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Court Decision to Halt Schiphol Airport Flight Cuts is ‘Reprieve’ for Passengers, Airlines

The Hague – The International Air Transport Association (IATA) reacted positively to the decision by the Dutch court to uphold the legal challenges lodged by IATA, KLM and other airlines against the Dutch government’s ‘experimental regulation’ to cut Schiphol airport’s flight limit to 460,000 from November 2023.

IATA Director General Willie Walsh said: “We welcome the judge’s decision. This case has been about upholding the law and international obligations. The judge has understood that the Dutch government violated its obligations in shortcutting processes that would bring scrutiny to its desire to cut flight numbers at Schiphol. This decision gives vital stability for this year to the airlines using Schiphol airport and maintains the choice and connectivity passengers value.

Winning this vital reprieve is good news for Schiphol’s passengers, Dutch businesses, the Dutch economy and airlines. But the job is not done. The threat of flight cuts at Schiphol remains very real and is still the stated policy of the government. Schiphol airport themselves yesterday announced night flight cuts without consultation. Airlines understand the importance of resolving issues such as noise. The Balanced Approach is the correct, EU and global legally-enshrined process for managing noise impacts. It has helped airports around the world successfully address this issue.”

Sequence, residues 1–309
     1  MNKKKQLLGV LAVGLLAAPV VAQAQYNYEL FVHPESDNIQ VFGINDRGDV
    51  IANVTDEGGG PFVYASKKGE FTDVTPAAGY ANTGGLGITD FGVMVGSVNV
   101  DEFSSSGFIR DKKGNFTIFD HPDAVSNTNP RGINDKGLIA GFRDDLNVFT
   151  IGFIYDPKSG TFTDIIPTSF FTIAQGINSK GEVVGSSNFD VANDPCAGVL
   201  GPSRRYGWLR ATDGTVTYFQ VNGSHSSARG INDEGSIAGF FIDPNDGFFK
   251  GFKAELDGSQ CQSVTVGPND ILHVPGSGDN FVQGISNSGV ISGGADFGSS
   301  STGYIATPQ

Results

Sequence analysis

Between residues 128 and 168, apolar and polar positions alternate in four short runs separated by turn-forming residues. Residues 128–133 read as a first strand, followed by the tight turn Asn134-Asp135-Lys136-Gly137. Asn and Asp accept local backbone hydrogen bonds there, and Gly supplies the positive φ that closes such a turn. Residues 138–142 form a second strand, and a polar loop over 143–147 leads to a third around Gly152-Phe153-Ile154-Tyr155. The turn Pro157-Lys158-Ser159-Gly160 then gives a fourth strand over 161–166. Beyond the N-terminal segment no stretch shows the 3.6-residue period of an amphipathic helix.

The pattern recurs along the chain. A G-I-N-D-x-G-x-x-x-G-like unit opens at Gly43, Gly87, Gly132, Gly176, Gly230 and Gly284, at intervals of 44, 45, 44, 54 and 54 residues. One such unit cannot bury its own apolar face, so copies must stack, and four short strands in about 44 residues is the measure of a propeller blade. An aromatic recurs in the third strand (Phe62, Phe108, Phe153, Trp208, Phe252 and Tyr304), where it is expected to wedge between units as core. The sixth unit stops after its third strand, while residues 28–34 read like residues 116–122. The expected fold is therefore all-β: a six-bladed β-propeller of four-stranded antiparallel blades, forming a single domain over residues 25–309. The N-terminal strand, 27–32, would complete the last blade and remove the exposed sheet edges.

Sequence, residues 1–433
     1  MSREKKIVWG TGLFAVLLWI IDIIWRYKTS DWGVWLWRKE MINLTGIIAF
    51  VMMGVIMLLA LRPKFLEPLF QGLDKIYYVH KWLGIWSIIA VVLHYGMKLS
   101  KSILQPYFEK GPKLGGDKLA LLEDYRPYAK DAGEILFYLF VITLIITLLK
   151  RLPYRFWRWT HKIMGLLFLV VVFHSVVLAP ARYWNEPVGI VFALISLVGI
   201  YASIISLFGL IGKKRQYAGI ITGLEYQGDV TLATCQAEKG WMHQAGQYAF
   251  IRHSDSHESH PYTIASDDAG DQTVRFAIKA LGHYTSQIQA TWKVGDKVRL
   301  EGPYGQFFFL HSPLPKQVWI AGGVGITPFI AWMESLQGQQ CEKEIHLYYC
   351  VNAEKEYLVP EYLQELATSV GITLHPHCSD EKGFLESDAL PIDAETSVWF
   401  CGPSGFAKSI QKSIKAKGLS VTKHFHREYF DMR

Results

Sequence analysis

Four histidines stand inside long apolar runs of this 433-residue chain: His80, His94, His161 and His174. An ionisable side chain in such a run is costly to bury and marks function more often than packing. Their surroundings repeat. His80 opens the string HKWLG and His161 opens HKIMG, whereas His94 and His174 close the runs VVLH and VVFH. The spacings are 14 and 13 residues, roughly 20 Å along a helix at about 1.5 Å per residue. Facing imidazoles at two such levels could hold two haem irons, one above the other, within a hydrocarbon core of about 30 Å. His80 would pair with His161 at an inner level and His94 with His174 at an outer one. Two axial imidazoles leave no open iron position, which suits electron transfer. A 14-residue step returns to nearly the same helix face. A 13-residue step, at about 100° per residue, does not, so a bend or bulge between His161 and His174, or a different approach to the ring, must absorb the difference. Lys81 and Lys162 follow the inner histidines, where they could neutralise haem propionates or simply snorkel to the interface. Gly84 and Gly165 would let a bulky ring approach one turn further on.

What was the legal challenge about?

The Dutch government has recently decided to reduce the number of flight movements at Schiphol from 500,000 to 440,000 per year. We believed no legal basis existed for this reduction: it violates international treaties and European regulations. Governments can lower the number of flight movements in order to reduce noise, but only after having after a careful process, consisting of e.g. assessing the current noise level, setting a noise goal and considering alternative measures. This did not occur. The 440,000 cap is not a means to an end, but the objective. The Dutch government also sought to accelerate the implementation of this reduction by introducing an experimental regulation with an interim cap of 460,000 flight movements from 1 November 2023. We believed this interim cap is also subject to – and therefore in violation of - international treaties and European regulations.

IATA and airlines that fly into Schiphol sought to halt the application of this experimental regulation. KLM and other carriers based at Schiphol have launched a similar legal action. The carriers that joined IATA’s action were: Air Canada, United Airlines, FedEx, JetBlue, British Airways, Vueling, Lufthansa, and Airlines for America.